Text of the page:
Postpartum Recovery Tips When You Have a Toddler at Home

By Frida Mom

 

Postpartum healing with a newborn and toddler is a juggling act

We know what you’re thinking: “I’ve done this before! I have intimate knowledge of the lovely surprises that await me in postpartum recovery!” And it’s true, you do! But what you might not be prepared for is dealing with all that postpartum has to offer while also parenting a newborn and a toddler. 

Remember being pregnant while parenting a toddler? It’s like that, but with more blood and pain. Don’t get us wrong, we absolutely love toddlers. Those adorable little maniacs are a ray of sunshine on a cloudy day (for the most part). But toddlers aren’t exactly known for their patience, understanding, or reasoning, and critical thinking skills. So when you say, “Mommy just needs a minute to put out my hemorrhoid fire,” your toddler hears, “Now would be an excellent time to dump a cup of water on mommy’s laptop!” 

When it comes to postpartum recovery with a toddler, you need quick, you need easy, and you need effective. You also need a whole lot of patience and the occasional miracle, but let’s cover the basics first.

There’s No Such Thing as Extra Time

It’s hard enough trying to find the time you need to tend to your own stuff when you’ve got a fresh baby at home. But when you’ve got a fresh baby, plus an active toddler? You have negative time. You have borrowed all of your allowable time from the time bank and are racking up interest like a mad person. So guess what? You don’t have time to make your own icicle pads. You don’t have time to sit and apply witch hazel from a bottle to your panty liners. Laundry to wash all your stained underwear? No time for that.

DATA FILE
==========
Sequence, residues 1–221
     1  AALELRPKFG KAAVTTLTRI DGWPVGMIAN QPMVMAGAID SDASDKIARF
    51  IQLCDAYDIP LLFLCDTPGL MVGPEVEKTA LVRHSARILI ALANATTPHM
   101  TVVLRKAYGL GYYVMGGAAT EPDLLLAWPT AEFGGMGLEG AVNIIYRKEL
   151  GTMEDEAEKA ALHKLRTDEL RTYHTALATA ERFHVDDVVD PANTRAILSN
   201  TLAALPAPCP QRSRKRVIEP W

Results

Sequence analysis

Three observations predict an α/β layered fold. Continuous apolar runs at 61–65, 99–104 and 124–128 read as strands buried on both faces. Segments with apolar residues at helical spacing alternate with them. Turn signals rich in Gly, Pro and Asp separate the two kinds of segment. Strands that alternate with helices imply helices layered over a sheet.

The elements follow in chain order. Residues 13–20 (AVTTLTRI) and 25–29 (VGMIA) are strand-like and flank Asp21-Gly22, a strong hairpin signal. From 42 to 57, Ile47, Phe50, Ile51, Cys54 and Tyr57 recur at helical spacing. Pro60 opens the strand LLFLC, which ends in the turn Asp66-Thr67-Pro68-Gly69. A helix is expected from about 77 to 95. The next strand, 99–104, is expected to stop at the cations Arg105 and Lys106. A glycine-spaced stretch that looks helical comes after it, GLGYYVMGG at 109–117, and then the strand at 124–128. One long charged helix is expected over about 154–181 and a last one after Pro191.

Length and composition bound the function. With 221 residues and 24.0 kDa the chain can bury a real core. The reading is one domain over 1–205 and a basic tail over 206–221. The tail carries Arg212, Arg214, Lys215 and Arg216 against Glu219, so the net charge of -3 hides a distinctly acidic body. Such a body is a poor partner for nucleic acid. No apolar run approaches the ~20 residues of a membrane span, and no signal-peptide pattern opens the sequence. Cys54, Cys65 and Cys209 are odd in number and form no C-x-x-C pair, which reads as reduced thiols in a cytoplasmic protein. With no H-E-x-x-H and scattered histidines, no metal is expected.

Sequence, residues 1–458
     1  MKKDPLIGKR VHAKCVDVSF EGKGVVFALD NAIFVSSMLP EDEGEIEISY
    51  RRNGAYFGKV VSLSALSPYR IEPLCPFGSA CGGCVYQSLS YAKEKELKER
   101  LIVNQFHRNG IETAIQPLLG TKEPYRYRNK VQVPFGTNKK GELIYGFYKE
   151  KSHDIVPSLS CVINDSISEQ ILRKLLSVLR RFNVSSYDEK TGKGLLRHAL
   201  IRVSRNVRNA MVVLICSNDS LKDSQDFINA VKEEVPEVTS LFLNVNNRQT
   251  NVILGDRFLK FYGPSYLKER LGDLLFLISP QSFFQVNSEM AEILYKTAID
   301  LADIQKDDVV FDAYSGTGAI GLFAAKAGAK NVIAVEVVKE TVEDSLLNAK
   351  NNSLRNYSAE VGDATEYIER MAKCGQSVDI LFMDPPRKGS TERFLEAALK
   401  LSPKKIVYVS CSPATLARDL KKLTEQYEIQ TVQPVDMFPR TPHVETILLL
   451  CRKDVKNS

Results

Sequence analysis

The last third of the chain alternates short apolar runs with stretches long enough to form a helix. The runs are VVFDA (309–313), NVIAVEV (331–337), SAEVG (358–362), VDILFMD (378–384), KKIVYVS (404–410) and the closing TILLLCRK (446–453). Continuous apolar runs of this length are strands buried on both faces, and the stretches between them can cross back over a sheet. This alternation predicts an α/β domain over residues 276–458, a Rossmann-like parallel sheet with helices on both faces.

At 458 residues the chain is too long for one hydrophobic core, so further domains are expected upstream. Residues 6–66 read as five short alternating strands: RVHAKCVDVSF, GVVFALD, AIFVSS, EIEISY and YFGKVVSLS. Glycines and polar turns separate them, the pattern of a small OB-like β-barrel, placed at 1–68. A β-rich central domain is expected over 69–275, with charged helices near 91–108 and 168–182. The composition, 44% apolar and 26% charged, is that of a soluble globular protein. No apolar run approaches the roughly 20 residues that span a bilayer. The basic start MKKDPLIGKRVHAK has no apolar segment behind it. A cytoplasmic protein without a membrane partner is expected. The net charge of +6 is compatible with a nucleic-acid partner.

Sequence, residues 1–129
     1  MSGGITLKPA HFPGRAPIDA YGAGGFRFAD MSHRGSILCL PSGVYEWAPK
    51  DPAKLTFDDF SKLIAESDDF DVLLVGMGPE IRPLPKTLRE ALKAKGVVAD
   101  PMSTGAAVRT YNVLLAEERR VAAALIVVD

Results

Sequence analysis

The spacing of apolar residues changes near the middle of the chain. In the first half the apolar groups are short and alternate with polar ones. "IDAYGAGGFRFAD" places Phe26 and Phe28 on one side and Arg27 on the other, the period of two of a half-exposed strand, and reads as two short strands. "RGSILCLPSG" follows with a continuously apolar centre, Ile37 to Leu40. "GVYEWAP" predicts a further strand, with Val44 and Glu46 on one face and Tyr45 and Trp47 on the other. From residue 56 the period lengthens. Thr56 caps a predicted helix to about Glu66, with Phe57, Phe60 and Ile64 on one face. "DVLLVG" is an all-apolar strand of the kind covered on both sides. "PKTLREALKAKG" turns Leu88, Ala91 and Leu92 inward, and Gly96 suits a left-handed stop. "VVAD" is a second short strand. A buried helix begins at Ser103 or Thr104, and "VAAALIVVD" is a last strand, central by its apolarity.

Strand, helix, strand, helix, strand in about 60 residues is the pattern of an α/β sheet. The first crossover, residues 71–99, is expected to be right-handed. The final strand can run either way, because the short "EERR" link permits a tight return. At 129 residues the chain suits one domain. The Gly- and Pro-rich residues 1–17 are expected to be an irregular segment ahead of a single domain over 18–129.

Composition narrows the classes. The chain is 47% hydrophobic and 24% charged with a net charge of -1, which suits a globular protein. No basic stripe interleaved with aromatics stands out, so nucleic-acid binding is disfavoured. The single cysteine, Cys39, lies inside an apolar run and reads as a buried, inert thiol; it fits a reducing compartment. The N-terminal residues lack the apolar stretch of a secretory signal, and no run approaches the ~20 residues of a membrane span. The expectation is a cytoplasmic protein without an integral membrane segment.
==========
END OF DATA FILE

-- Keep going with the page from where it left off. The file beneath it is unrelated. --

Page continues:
Make sure you’re stocked with the easiest, quickest postpartum recovery essentials you can get your hands on. 

  • • Disposable Postpartum Underwear is wear-and-toss, so it doesn’t add to your laundry mountain, and also keeps your pads and various layers in place. 
    • • Ready-to-wear Instant Ice Maxi Pads provide 20 minutes of cold therapy for perineum and hemorrhoid relief, but they’re absorbent enough to wear as a regular maxi, so no need to rush and change it out before the red tide comes in. 
    • • Don’t even bother lining your pad with those little circle pads for hemorrhoid and perineum care. In the time it takes you to do that, your toddler will have likely scaled the baby gate and raided the pantry. Get Witch Hazel Perineal Cooling Liners instead. One-and-done, directly on your maxi, for continuous Witch Hazel healing power. 
    • • Or pump a line of Witch Hazel Perineal Healing Foam on your pad or liner before rushing out of the bathroom to see why your toddler is crying/yelling/laughing like a guest star on SVU. The foam won’t get absorbed by your pad, so you won’t have to keep stealing minutes in the bathroom to replenish the foam.

    Get Your Creative On 

    Keep in mind, your toddler is going through a major adjustment period with this whole new sibling thing. Not only do they have a cute and tiny human competing for your attention, but you’re recovering from a pretty major event and can’t be the on-the-go mom they’re expecting you to be. And that is 100% OK. Your recovery is important, and you need to listen to your body. But we know how hard it is to hear your body over the sounds of a demanding toddler.